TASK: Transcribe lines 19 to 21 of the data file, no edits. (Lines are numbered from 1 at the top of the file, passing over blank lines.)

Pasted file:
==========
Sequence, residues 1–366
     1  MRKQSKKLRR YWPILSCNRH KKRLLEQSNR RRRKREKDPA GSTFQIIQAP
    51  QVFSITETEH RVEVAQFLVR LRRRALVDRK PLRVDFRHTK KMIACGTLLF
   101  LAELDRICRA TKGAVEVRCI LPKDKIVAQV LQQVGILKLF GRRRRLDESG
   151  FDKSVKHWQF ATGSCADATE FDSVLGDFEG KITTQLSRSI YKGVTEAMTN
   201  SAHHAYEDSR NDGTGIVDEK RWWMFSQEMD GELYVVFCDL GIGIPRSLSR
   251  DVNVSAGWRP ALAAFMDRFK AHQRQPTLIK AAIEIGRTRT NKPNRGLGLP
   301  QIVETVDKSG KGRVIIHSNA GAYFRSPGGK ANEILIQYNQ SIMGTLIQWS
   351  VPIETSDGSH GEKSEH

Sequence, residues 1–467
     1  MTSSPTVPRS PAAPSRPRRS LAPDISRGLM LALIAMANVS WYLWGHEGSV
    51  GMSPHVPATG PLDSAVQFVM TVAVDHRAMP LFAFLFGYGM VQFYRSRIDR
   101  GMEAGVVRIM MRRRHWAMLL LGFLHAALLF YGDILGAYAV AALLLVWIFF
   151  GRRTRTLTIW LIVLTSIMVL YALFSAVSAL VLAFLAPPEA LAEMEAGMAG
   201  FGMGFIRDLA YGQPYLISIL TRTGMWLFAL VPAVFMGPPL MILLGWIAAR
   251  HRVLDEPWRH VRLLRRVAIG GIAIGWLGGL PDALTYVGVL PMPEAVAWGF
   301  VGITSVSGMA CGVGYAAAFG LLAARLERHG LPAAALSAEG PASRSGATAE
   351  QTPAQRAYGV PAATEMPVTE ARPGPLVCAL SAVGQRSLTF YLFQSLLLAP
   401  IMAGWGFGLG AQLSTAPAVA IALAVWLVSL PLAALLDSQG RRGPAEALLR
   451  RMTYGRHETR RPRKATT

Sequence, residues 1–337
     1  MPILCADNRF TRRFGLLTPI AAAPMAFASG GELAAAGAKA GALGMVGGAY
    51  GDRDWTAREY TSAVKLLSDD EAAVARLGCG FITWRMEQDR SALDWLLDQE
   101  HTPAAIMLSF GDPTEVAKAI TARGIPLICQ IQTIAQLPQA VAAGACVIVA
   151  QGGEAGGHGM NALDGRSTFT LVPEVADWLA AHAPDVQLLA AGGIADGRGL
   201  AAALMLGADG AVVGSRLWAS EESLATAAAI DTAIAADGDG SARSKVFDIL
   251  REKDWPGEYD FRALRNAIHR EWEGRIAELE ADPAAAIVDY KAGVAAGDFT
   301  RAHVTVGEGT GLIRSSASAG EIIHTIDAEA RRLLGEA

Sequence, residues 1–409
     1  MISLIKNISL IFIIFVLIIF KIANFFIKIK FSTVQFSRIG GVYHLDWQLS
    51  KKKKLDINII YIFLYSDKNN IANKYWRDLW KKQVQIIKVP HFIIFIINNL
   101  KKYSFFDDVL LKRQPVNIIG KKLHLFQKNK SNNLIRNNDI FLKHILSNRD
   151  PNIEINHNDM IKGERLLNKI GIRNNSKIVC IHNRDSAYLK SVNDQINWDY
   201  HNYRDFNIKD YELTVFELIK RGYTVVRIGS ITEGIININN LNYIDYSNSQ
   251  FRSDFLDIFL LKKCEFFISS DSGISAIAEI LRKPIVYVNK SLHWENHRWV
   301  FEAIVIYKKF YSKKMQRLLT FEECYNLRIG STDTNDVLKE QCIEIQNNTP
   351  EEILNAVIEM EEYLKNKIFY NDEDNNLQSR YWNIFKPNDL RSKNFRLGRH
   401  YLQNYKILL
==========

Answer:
   401  IMAGWGFGLG AQLSTAPAVA IALAVWLVSL PLAALLDSQG RRGPAEALLR
   451  RMTYGRHETR RPRKATT

Sequence, residues 1–337